Even after leaving vice president’s office, sources say Mbabazi has continued to witch-hunt Bukenya, and his indictment before the Anti Corruption Court was understood to be the handiwork of the prime minister. Museveni’s protestations that Bukenya had no case to answer even as the trial proceeded appear to suggest that the President was helpless in the matter.
As helpless as he appears to be in his defence of the Prime Minister? The irony of the President’s defence of Mbabazi is that while it shows the Prime Minister’s clout as growing, it depicts the President’s as somewhat diminishing. Not only because he has had such a hard time shoring up the support of his own party, his cajoling and threatening apparently not as effective as it used to be, but also because the dissenters appear to be too many and diverse, and too invested to back off.
But the President is also keenly invested in protecting Mbabazi. When opposition MPs chorused “Temangalo”- in reference to the controversial land deal in which the Prime Minister sold land to the National Social Security Fund at Shs 11 billion – as they heckled Mbabazi during Museveni’s State of the Nation Address in June, Museveni defended the Prime Minister. He argued that his man was not corrupt, and stories were being made up by his detractors. “If any of you had lasted as long as he has lasted, that would be a good achievement,” he told them, a veiled reference to a history in the NRM of many opposition MPs.
Counter-accusing a whole range of detractors appears to have become Museveni’s default defence of the Prime Minister:
“Baryomunsi is fighting Mbabazi’s wife, while Niwagaba is fighting battles on behalf of Father Gaetano [Tibayenda] against Hope Mwesigye [former Agriculture Minister and sister-in-law to Mbabazi, [MP] Sekikubo is fighting Foreign Affairs Minister Sam Kutesa…,” the President reportedly told the NRM Caucus at the retreat in Kyankwanzi.
Following the port-retreat confusion in Parliament – during which NRM members were unable or unwilling to withdraw the resolution demanding that the prime minister and ministers Sam Kuteesa and Hillary Onek step aside to allow an investigation of the oil contract affairs, including allegations that they had taken oil bribes – the President attempted to mend fences between the Speaker of Parliament Rebecca Kadaga and Mbabazi. Summoning the duo to State House, where Museveni made no secret of his intention to stick with Mbabazi and not ask him to step aside. Not much is known of the details of that discussion, but Kadaga, who was still awaiting a presidential response to the resolution, returned to parliament appearing to have washed her hands of the resolution and all that it represented.
While an ad hoc parliamentary committee, chaired by former Minister of state for Transport and chairperson of the Natural Resources Committee, Michael Werikhe, has been appointed to investigate the allegations, not much confidence is invested in its outcomes.
“The findings of the investigation have already been predetermined [in Mbabazi’s favour],” said the dispirited Lwemiyaga County MP Theodore Sekikubo, who was a lead petitioner in the recall of parliament for the special sitting. Part of the pessimism is because aside its chair – a former minister who some fear may use the committee to climb back into his cushy cabinet post – the seven-member committee also has Mbabazi’s ally and mentee Steven Tashobya and three unknowns. The two rays of hope, opposition politicians Hussein Kyanjo and Cecilia Ogwal, may find themselves outnumbered and outmanoeuvred.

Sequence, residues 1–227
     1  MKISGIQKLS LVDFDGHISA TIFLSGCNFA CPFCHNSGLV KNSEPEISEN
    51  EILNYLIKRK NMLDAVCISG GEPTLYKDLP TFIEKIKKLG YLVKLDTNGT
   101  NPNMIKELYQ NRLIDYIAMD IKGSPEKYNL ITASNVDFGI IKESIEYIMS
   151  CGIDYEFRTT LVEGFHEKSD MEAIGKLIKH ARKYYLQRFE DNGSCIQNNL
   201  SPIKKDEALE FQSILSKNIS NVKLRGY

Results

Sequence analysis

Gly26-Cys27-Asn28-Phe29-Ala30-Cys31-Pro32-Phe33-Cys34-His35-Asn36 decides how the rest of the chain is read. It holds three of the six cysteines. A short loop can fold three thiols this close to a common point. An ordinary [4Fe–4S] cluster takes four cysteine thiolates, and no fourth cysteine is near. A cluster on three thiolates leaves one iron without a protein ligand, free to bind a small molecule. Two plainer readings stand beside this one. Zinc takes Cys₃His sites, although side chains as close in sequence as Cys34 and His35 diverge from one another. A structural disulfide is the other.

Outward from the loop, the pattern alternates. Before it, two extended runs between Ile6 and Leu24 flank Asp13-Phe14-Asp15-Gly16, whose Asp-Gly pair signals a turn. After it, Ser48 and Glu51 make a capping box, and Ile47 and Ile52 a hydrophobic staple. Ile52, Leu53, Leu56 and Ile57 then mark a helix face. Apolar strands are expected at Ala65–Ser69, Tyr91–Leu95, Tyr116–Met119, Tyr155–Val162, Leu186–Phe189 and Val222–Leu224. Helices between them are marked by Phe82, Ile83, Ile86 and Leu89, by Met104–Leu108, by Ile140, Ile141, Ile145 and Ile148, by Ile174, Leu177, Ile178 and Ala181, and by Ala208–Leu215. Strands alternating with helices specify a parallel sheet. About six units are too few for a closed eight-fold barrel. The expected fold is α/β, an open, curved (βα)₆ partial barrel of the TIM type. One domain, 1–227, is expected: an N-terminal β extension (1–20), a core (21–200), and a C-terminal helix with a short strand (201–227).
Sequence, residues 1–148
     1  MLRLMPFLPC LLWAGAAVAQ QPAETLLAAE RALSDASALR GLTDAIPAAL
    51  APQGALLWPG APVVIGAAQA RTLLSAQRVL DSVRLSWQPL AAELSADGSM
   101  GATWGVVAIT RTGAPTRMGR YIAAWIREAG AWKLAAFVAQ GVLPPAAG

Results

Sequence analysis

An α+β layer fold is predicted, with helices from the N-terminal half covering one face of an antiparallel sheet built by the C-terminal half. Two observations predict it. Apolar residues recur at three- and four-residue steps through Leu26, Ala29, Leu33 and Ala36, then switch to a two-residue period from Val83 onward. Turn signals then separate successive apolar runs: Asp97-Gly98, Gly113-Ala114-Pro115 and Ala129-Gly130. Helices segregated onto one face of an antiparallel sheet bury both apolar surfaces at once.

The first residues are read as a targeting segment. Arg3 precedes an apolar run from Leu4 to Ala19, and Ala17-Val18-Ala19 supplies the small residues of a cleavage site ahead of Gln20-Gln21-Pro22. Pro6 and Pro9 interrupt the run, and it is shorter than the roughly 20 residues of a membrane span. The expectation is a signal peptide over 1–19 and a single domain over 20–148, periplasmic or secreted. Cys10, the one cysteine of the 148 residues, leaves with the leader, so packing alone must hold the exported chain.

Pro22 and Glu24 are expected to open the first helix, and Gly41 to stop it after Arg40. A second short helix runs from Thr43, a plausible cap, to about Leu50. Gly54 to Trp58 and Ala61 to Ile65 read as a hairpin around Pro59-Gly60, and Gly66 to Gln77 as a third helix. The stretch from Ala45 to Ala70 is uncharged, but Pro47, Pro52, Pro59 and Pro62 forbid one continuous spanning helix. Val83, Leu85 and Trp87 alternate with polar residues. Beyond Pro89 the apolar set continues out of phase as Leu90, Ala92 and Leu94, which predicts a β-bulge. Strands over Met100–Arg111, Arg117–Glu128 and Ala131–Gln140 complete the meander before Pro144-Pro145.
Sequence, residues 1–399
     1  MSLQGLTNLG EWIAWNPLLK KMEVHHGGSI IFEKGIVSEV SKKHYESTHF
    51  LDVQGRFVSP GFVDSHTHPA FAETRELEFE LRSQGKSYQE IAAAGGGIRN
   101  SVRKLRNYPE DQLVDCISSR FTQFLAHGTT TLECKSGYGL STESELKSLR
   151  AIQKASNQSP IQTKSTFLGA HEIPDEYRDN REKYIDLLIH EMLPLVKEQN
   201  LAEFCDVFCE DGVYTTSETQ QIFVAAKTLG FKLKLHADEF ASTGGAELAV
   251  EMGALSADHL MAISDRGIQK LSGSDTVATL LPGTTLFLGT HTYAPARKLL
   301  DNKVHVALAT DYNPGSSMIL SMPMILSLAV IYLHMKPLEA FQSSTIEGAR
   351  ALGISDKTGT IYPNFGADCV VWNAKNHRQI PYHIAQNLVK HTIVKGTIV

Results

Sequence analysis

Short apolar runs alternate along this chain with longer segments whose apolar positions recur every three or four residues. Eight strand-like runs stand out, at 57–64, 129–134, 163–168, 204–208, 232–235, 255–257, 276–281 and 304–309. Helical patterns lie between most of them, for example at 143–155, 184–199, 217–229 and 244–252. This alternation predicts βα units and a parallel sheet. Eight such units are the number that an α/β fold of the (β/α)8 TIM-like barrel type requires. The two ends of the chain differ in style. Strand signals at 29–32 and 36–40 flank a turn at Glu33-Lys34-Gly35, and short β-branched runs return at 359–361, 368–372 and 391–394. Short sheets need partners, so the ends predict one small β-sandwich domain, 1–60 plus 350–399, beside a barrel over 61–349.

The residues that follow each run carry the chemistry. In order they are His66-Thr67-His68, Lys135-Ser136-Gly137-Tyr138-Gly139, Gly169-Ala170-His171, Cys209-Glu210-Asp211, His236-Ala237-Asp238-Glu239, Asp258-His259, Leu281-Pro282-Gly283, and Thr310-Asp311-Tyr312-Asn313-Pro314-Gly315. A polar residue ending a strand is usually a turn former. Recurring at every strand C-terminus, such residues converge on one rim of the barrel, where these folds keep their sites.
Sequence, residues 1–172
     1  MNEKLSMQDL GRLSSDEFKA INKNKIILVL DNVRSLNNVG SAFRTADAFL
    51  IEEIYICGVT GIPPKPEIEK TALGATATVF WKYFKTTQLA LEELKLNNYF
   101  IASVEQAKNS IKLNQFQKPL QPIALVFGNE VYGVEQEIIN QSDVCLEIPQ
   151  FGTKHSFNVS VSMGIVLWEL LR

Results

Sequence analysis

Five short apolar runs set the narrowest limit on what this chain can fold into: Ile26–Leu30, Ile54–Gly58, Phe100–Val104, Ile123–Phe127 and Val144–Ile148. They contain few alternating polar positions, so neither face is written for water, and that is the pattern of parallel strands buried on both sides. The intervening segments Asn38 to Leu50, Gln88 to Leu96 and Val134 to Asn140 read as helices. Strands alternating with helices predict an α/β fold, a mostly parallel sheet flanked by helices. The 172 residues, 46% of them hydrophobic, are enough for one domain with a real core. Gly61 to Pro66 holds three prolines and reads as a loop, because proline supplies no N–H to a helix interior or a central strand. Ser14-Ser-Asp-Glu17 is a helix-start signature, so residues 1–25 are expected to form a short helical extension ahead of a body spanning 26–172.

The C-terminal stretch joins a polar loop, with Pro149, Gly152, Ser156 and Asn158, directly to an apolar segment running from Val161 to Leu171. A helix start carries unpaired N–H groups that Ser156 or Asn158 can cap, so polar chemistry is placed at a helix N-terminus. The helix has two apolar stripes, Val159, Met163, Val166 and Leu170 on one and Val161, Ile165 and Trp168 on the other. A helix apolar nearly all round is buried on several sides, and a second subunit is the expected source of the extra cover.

NRM’s vice chairman for Eastern Uganda and Soroti Municipality MP, Mike Mukula, says that in the course of his long 25-year rule, Museveni has realised that not many people can agree with him all the time, which explains his “deep attachment to Mbabazi”.
Mukula said it is unfortunate that the public has a different perception and great dislike for a man that the president has immense faith in.
Over the past quarter century, Museveni has showed himself to treasure loyalty as much as he loathes challenge.
When a retired army captain, Ruhinda Maguru, declared his ambition to challenge Museveni for the leadership of the NRM in the run-up to the 2011 election, the NRM’s vetting committee, under Mbabazi’s stewardship, ignored him and declared Museveni unchallenged. Maguru threatened court action in vain.
A similar fate befell Dokolo County MP, Felix Okot-Ogong, who is believed to have lost his place in cabinet as State Minister for Youth and Child Affairs because he declared a desire – however unlikely – to succeed Museveni.
Another former minister and bush war fighter, Col. Tom Butime, lost his Mwenge North constituency in the last election because, observers say, he rejected a post as state minister for Karamoja Affairs in 2006, which he saw as a demotion, coming down from a full Minister-ship of Internal Affairs.
Butime was lambasted by the army and defence spokesperson Lt. Col. Felix Kulaigye for “insubordination”. The moment the commander-in-chief deploys a soldier, argued Kulaigye, the soldier must comply without questions.
What Mbabazi has, that others lack, observers say, is a keen understanding of what his boss wants. “Mbabazi always positions himself as seeking to work for the president, not to be president,” an NRM insider said.